Pinot Blanc: A grape with an identity crisis

From time to time, we come across a grape that suffers from an identity crisis. In the case presented here with Pinot Blanc, we have a situation of genetic identity, mistaken identity, and stature identity. Pinot Blanc is a grape that has been around for a long while, but never really had its chance to get even 15 minutes of fame.

Dissecting the name, the root “Pinot” comes from the French noun for “pine” because the fruit clusters take on the appearance of a pinecone, with fairly small berries on a tight cluster. “Blanc” is the French word for “white.” The clusters are typical of white grapes, starting out as hard green berries and after veraison, taking on a golden hue.

To understand Pinot Blanc and its genetic identity, (and also Pinot Gris, see the “Varietal Focus” column from August-September 2013) one must first understand Pinot Noir, the namesake red grape of France’s Côte d’Or in Burgundy. Pinot Blanc is a mutant of Pinot Noir. Mutations in nature are random aberrations of the genetic code being read from chromosomes a little differently than originally planned. Mutations happen to every species on earth, some that benefit the organism, such as habitat adaptation, and some that are serious enough to result in a situation where the organism faces certain death. Fortunately, the mutation for Pinot Noir is not as extreme.

The origins of the mutation and why Pinot Noir has mutated in this way is the result of what are referred to as “jumping genes.” Strictly defined, a jumping gene is a gene or set of genes capable of inserting copies of itself into other DNA sites within the same cell. In the case here, the gene inserting itself is for the end color of the grape. Because of the common nature of this happening in Pinot Noir, a vineyard planted to Pinot Noir will have a certain amount of the Gris and Blanc versions as well. The persistence of any vine with a particular color of fruit is based on selection of the shoots producing that fruit color and selecting against the other versions. In this case, to develop a vineyard of Pinot Blanc, one would take cuttings of the Blanc version and plant a new vineyard with these cuttings. Initially, the field would be entirely Pinot Blanc, however, over time, Pinot Noir and Pinot Gris clusters would start to show up on the plants as well. Unknown to the science at the time, these genetic mutations were first noticed hundreds of years ago in Burgundy, France, where the mutants grew side by side, and sometimes within the same plant as Pinot Noir.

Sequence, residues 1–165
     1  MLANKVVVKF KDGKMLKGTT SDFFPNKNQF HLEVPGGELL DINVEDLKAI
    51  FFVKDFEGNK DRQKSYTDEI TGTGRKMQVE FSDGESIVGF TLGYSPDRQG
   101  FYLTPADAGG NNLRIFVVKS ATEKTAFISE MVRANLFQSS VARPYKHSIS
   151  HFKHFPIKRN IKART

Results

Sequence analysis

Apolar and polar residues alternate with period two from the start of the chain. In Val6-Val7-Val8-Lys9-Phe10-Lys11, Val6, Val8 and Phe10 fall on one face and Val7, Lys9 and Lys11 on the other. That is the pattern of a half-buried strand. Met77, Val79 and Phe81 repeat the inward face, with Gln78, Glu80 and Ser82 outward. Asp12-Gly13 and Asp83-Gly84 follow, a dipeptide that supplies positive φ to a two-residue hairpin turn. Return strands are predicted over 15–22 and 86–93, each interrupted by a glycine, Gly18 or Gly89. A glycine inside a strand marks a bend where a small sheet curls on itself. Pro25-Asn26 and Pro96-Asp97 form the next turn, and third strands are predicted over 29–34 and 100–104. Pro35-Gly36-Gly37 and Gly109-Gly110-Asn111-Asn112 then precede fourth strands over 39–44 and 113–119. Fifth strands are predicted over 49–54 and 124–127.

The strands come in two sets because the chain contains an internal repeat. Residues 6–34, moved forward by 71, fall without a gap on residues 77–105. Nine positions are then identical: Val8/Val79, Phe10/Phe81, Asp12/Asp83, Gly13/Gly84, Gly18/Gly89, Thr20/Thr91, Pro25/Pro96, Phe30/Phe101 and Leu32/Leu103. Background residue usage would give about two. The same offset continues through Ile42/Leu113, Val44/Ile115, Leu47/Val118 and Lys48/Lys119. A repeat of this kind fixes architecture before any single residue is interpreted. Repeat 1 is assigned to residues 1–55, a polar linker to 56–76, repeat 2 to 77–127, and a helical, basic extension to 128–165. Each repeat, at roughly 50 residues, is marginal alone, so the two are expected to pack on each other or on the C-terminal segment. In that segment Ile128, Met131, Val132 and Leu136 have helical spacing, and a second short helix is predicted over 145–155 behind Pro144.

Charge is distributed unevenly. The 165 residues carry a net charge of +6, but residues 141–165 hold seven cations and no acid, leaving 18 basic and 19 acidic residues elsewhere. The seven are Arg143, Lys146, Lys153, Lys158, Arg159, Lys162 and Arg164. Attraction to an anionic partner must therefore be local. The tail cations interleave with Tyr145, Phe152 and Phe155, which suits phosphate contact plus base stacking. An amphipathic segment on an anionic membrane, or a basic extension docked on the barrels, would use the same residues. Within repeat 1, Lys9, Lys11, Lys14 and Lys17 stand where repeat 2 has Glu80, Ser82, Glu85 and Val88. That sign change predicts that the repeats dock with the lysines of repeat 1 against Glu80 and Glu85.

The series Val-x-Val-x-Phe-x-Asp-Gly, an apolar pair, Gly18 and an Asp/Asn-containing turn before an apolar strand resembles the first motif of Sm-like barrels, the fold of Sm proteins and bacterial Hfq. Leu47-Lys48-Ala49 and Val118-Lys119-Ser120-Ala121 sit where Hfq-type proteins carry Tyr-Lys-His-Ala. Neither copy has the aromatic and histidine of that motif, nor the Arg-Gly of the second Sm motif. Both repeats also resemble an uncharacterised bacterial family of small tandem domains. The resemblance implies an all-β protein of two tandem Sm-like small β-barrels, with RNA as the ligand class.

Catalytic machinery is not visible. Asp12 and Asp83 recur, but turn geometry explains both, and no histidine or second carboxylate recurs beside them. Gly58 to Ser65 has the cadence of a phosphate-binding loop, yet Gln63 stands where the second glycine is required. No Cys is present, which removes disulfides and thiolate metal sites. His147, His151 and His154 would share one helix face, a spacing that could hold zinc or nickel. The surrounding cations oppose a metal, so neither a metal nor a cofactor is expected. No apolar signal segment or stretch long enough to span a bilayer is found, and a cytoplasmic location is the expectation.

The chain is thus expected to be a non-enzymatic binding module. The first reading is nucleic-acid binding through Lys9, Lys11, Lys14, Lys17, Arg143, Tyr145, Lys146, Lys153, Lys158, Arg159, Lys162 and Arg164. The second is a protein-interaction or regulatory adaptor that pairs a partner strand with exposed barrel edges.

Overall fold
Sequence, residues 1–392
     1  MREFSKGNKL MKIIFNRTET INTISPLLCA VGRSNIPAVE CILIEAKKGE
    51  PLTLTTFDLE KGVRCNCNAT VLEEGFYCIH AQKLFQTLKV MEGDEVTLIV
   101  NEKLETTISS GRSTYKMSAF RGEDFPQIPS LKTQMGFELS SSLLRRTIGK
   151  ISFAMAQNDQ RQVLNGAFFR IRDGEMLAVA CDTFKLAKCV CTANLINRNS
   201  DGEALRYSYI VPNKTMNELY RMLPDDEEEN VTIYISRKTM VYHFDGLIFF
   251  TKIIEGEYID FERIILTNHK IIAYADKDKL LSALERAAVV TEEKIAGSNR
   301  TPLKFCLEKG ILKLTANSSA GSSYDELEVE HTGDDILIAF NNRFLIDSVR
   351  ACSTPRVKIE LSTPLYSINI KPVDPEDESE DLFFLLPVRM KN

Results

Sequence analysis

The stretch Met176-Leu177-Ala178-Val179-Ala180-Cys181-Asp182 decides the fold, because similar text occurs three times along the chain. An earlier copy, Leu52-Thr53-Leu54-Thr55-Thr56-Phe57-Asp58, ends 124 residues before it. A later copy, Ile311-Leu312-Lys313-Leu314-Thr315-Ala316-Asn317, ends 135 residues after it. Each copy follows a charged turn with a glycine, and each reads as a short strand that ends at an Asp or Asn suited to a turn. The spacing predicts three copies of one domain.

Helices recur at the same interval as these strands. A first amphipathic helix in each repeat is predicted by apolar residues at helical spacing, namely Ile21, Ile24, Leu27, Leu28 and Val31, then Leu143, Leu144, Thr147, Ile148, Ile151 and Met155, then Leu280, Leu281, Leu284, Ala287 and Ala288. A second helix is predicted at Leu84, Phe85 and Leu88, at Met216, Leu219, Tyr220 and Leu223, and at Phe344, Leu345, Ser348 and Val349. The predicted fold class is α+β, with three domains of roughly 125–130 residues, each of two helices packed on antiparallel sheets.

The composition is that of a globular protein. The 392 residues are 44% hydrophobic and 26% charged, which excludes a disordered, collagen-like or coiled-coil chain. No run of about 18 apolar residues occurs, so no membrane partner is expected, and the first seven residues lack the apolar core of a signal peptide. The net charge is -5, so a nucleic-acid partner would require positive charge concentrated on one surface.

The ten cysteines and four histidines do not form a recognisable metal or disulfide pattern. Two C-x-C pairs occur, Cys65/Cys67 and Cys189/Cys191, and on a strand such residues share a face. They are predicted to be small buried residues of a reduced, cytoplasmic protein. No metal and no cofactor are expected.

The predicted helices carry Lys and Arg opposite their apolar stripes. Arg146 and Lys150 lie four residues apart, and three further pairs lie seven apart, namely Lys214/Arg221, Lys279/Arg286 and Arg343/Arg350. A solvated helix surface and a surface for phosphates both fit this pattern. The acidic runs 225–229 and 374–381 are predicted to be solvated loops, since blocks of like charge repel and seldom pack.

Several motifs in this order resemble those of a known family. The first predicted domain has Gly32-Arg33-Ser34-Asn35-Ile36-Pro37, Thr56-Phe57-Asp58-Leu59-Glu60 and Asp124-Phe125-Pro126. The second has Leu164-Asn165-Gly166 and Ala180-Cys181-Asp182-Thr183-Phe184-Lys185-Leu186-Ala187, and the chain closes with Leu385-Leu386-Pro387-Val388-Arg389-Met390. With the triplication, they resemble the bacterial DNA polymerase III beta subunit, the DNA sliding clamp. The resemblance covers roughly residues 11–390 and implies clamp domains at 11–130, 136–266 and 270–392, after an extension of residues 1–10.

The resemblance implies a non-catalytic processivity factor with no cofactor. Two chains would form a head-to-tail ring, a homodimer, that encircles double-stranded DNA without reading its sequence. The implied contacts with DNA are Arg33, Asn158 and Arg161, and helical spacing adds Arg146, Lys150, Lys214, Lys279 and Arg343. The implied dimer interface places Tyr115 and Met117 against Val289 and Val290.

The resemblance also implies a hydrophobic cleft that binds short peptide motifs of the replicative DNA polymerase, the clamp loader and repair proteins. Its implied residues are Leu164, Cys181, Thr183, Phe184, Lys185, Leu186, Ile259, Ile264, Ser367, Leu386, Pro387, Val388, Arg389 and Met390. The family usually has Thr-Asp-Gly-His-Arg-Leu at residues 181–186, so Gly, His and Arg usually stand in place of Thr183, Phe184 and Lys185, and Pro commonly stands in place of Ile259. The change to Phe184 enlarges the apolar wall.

The other Pinot Noir mutant, Pinot Gris, is different from Pinot Blanc in that with Gris the grapes have red hues to the berries. At maturity, the berries take on a rose color and sometimes even darker hues.

There are 96 synonyms of the grape Pinot Blanc, such as Klevner, Auxerrois, Pinot Bianco, and Weissburgunder, to name a few of the most notable. The synonyms take on a regional name with Klevner and Auxerrois from Alsace, Pinot Bianco from Italy and Weissbur-gunder from Germany. The use of the name Auxerrois can be confusing in that Auxerrois refers to a region in France, but lends its name to several grape varieties. The other synonyms for Pinot Blanc are variations on the theme such as Burgunder Blanc or Weiss Klevner. It is very common in a wine region as old as Europe’s that the actual varietal name is less important than the region in which it is grown.

In France, where the grape originated, it accounts for less than half of a percent of the total grape area. Alsace, in northeastern France along the Rhine River, and its border with Germany, is the region where it holds on as one of the more common grapes. It is found in still white wine blends, often blended with Sylvaner, and it is the main grape that is used in Crémant d’Alsace, or the sparkling wine of Alsace. Sparkling wines made in France outside of the Champagne region are referred to as Crémant. Of notable interest is Pinot Blanc used to be one of the principle varieties in Champagne, but that dis-tinction now belongs to Chardonnay, Pinot Noir and Pinot Meunier, depending on style. While still permitted to be included in Champagne, it is rare that it is with only a few producers still doing so.

Historically in Burgundy, Pinot Blanc was blended with Pinot Noir to lighten the wine, but today it is against appellation d’origine contrôlée (AOC) regulations for the region. Up to 20% of many producers’ wines in Burgundy in the 18th century contained either Pinot Gris or Pinot Blanc. Today, with the emphasis on deeply colored, rich wines, the AOC has not permitted their inclusion except if it is in the oldest vineyard of the region dating back pre-1930s.